Now guess why am talking all these things now is coz of late am hearig news in western media about Greece having budget deficit of over 13% and more...and also they fudged statistics to enter in Euro Zone..and there is also talking going about Euro going down...that inturn will make Dollar also low at some point...this is indeed is sensed by Chineese i guess and they quietly did a a monetary tightening today ..which inturn is warning to normal investors to not to go for risky assests like equities..And this effect is seen in Dow going down by 1%..will see what our nifty will do on monday...

Wednesday, February 10, 2010

Monday, February 1, 2010

Investment Related Books

  • Lynch, Peter, and Rothchild, John. Learn to Earn: A Beginner's Guide to the Basics of Investing and Business, 1995. A good place to start for the true novice. Written at a level anyone can understand.
  • Malkiel, Burton A. A Random Walk Down Wall Street, 8th ed., 2003. A must read for anyone seriously interested in understanding investments. Extremely well-written, humorous, and well documented. A thorough reading of Malkiel will give you a good understanding of the world of investments and finance. This is a book you will want to save for a long time.
  • Lynch, Peter, and Rothchild, John. One Up on Wall Street, 1989. Lynch's first book on Wall Street. Read what he says on page 165 about stocks with high P-E ratios: "If you remember nothing else about p/e ratios, remember to avoid stocks with excessively high ones. You'll save yourself a lot of grief and a lot of money if you do."
  • Lynch, Peter, and Rothchild, John. Beating the Street, 1993. Lynch talks about how a grade school class picked winning stocks, just by paying attention to what was around them, and beat most of the pros.
  • Haugen, Robert A. The New Finance: The Case Against Efficient Markets, 1995. Value Stocks (low price to book value) consistently yield superior returns, with lower risk, than do growth stocks (high price to book). It appears that the cheap companies are those in trouble, and in competitive markets many of them eventually turn around. The expensive stocks are those which have been doing great, but entry erodes their profits and brings them back down to reality.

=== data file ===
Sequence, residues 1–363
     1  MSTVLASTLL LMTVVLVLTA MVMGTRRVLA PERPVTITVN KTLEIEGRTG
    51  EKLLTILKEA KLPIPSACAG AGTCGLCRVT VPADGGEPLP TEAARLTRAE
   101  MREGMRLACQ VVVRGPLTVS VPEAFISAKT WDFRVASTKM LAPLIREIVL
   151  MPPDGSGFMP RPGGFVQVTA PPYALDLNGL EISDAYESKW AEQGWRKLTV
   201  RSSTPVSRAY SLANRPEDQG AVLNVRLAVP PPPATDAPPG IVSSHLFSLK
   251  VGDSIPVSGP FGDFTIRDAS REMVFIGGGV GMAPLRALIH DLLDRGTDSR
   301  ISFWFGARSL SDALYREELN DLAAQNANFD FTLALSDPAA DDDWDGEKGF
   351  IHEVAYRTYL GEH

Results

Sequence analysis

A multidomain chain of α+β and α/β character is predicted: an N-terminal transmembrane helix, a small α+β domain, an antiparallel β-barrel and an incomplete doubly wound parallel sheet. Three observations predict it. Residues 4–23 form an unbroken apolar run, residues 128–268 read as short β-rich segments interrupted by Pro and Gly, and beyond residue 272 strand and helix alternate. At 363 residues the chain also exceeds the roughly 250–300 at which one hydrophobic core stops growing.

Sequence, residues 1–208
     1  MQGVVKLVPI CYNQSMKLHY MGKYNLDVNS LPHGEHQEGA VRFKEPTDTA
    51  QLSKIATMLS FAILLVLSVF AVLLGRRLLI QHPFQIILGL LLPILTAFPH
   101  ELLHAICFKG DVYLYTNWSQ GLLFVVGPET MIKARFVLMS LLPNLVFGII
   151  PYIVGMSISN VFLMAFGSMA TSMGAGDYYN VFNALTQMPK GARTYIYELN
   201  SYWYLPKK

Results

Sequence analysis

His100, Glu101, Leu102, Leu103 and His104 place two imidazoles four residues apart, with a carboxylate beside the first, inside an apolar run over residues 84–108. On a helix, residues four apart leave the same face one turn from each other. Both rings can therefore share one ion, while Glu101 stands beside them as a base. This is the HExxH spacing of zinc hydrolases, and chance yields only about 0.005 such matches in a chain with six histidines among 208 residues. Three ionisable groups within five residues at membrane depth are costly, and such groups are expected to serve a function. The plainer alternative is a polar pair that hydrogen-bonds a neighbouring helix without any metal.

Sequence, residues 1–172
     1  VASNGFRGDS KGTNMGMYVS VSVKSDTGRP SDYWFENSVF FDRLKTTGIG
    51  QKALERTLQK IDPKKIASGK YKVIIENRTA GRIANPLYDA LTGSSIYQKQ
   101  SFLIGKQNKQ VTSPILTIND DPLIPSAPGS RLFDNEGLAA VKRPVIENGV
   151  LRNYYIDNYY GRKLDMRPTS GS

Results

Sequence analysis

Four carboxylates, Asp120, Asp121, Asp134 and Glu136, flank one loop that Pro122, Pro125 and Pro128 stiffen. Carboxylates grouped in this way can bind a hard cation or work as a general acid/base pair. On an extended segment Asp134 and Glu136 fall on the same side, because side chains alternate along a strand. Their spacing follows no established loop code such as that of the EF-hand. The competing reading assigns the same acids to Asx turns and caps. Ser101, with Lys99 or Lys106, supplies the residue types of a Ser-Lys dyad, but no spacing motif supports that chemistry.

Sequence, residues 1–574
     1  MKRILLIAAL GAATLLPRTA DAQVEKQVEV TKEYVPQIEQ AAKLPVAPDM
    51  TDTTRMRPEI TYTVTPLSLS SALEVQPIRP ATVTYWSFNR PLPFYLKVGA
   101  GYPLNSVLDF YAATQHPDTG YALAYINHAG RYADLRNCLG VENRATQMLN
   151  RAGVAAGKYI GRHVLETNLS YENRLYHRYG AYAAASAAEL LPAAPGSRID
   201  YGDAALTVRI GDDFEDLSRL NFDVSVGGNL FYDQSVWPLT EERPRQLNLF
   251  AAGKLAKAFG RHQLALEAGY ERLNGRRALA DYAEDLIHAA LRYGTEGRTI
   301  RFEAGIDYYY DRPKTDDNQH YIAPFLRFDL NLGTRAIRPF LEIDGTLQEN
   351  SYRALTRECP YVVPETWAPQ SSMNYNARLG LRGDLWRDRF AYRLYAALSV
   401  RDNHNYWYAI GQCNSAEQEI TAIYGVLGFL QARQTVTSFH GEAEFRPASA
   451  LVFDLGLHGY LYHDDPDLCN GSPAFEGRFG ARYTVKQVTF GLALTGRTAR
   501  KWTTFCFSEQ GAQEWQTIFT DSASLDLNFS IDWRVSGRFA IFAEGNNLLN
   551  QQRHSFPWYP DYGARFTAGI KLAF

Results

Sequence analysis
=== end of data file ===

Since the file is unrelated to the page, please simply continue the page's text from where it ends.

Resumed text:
• Fischel, Daniel. Payback: The Conspiracy to Destroy Michael Milken and His Financial Revolution, 1995. An alternative view of Milken and the "decade of greed." Argues that Milken was railroaded by a conspiracy of ambitious prosecutors and corporate leaders who felt threatened by Milken. The book gives good insight into Milken's long-term impact on corporate restructuring.
  • Buffet, Mary, and Clark, David. Buffettology, 1997. A good synopsis of Warren Buffett's approach to what is called "business perspective" investing. Mary Buffett, the former daughter-in-law of Warren Buffett, details Warren Buffett's journey from Benjamin Graham to Philip Fisher and Charlie Munger and to his own synthesis of how to choose stocks.
  • Shiller, Robert J. Irrational Exuberance, 2000. In reading Shiller's descriptions of past speculative bubbles, one has the rather eerie sense that we are reliving what we have gone through before. Shiller does a masterful job of detailing those factors, economic and particularly psychological, that lead to speculative booms.
  • Siegel, Jeremy J. Stocks for the Long Run, 1998. Siegel demonstrates convincingly that stocks have outperformed other investments by a wide margin, at least over the past, in U.S. markets, with a broadly diversified portfolio, and with a long time horizon. This book, as much as any other, provides the basis for the "Gospel of Stock Market Investing," the good news that if you just put your money in stocks and hold on for the long run you will come out ahead.
  • Smithers, Andrew, and Stephen Wright. Valuing Wall Street: Protecting Wealth in Turbulent Markets, 2000. Tobin's q, expressed as a ratio of market value of stocks to the replacement cost of their underlying assets, appears to be mean-reverting over long periods of time. When q has been very high, as it has been recently, stock returns over the next ten years have tended to be low.
  • Lowenstein, Roger. When Genius Failed: The Rise and Fall of Long-Term Capital Management, 2000. John Meriwether, of legendary fame from Michael Lewis' Liar's Poker, combined with two Nobel Prize winners to amass a huge pool of capital and then convinced banks to lend much more for investment in their hedge fund. Then excessive leverage and a series of improbable events brought it crashing down. A fascinating story of hubris run amok and how the Fed at last had to intervene in an impending crisis.
  • Lewis, Michael. Liar's Poker: Rising Through the Wreckage on Wall Street, 1989. A fascinating story of life on Wall Street, at least as it was in one firm twenty years. Michael Lewis describes how he entered Solomon Brothers as a young trainee, how he mastered the game and rose through the ranks, and then how he left a bit jaded.
  • Lewis, Michael, The New New Thing: A Silicon Valley Story, 2000. Here Lewis describes, through the career of Jim Clark (Silicon Graphics, Netscape, and Healtheon), how the "new economy" firms were able to raise vast sums of money from venture capitalists well before they had any real prospects for profit. This turn in financing set the stage for the rise of the dot.coms and then for the collapse of so many of them.